Understanding Cape Cod Architecture
Americans have always loved a good Cape Cod home. In 1938 when Life magazine asked families to choose their ideal place to live, the Cape Cod design was among those few selected, even when compared to an original modern home by renowned architect Frank Lloyd Wright. The design visionary may have had great ideas and some very attractive sketches, but he didn't have hundreds of years of building tradition and a classic form recognized by everyone. Cape Cod designs are just as popular today, and will likely continue as one of the nation's most enduring building styles.
The Cape Cod style dates back to the earliest period in American and Atlantic Canadian colonial history. These first homes in the 1600s were un-adorned and practical, built for year-round comfort in the windy, cold Eastern Seaboard climate. Scarce natural resources for building also helped keep these homes simple and small, with little deviation in design, and typically rock or plaster exterior walls.
Early Cape Cod homes had a narrow rectangular shape, with a steep pitched roof to keep winter snow from accumulating. Rarely built with upper floor dormers, these homes tended to have a stark, impenetrable look, which became fashionable during the Gothic Revival period of the early 19th century. Cape Cod windows were generally double paned with wooden shutters, and placed symmetrically on either side of a central door, as well as in the gable on either side of the house. The first Cape Cods, also known as Colonial Capes, were usually one or two rooms deep at the most and just a single story with a large attic, contrasting with many 18th and 19th century styles that featured large two and three story designs. Colonial Cape floor plans tended to max out at 1-2,000 sq ft, and were typically furnished with all hardwood floors.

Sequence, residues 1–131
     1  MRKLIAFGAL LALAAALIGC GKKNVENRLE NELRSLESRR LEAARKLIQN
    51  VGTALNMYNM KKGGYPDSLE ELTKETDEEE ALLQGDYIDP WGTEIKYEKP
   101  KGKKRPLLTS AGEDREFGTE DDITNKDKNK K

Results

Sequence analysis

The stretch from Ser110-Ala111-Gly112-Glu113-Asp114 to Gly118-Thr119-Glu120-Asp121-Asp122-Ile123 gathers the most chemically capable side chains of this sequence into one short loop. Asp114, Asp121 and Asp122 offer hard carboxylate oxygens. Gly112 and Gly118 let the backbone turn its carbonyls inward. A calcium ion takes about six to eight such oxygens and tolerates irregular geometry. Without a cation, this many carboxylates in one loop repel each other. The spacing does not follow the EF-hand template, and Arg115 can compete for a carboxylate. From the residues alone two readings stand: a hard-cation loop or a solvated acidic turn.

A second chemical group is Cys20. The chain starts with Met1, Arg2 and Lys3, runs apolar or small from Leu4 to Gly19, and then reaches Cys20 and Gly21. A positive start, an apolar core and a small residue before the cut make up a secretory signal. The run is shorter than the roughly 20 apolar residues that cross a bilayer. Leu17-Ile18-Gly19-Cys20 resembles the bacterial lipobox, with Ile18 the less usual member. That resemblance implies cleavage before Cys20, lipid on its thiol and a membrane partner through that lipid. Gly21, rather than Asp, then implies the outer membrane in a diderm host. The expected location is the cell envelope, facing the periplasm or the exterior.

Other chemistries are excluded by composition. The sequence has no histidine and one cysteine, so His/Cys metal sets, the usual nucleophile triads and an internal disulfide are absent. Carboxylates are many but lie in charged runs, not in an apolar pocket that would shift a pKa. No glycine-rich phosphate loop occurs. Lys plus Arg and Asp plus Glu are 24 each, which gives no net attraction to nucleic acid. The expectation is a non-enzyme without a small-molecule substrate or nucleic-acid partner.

Cape Cod architecture was less common in the late 18th and early 19th centuries as other styles predominated, but it enjoyed a widespread revival in the 1920s, when builders in other parts of the nation started using the style. The family awarded a new Cape Cod style home in the 1938 Life Magazine project chose to build in Edina, Minnesota, far from the coastal Massachusetts region for which the style is named. Colonial Revival Capes introduced a variety of new features to the classic form, including upper-floor dormers for extra light, bay and picture windows, front entrance pilasters, and more modern floor plans that sometimes included a kitchen extension at the back of the house. But revivalists were careful to remember the Cape Cod's original appeal rooted in classic design, practicality, and affordability, and designed their new homes as traditionally as possible.
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